In his 3rd year of high school, Byron de Jesús started volunteering as a tutor in the EI Education and Activity Center for children in grade school. His enthusiasm and dedication landed him a scholarship for English classes, followed by a scholarship to study in a semi-private high school in Granada.
It wasn’t long after that EI started to support not only Byron’s academic studies but also
his three younger siblings. In his own words, Byron expresses his gratitude for the opportunity…
“Before being part of the program, I had no hope of being able to study because my father was unemployed then, and my mother was the only one supporting us. Being part of Empowerment has opened doors for me that I never even knew existed. If I were not part of the program, I would have had to wait for my older brother to finish his studies before I could have continued with my studies.”
One of his biggest challenges was to qualify at UNAN, the most prestigious university in the country for all medical fields of study. In the beginning, he admits, he felt very insecure, and wasn't sure he would pass the admission exam since his brother, also very bright, had already taken it and did not pass. Thanks to his dedication to his studies and the support from his family, and EI, Byron successfully passed the exam.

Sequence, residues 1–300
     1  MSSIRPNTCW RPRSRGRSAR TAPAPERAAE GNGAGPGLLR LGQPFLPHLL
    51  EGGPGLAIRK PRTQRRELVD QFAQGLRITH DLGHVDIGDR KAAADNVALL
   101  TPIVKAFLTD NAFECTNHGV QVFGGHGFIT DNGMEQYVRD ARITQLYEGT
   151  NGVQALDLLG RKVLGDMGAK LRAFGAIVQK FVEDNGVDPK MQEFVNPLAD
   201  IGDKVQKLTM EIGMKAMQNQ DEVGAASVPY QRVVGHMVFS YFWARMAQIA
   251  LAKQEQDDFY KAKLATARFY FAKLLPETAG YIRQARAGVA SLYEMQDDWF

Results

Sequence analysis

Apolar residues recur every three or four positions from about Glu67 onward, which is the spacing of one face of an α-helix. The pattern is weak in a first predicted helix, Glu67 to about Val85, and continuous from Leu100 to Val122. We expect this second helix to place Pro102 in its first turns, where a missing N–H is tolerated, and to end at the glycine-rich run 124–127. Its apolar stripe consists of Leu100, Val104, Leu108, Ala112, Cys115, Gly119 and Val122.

Throughout his five years of studying medicine at UNAN, and continuing to help in the EI center, Byron has completed all of his coursework! Now he is facing his last hurdle and requirement before receiving his degree: he must work for one year in a rural community offering services to them. Much to his surprise, Byron was placed in a remote rural community on the Caribbean coast called Waspan, which is so different from the western part of Nicaragua, it's like another country!
This hasn’t been easy for him on many levels. This is the first time Byron has left home. It’s been tough for him to be away from his family, girlfriend, and friends. At first, he struggled with feelings of sadness and loneliness, and the different cultures and languages added to this. The most challenging issue is the difficulty in communicating with his patients. It’s been several months now, and he is adjusting.
At age 22, Byron feels very content with his achievements and the unique opportunities he has been offered, yet he isn’t stopping here. Byron is another EI student on his way to breaking the cycle of generational poverty!
"My advice to all the children in my country is that they should study and always try to keep their goals clear so they can achieve one objective at a time, that they have defined what they want and that they always put love and a lot of effort into their studies and everything they wish to achieve in life.”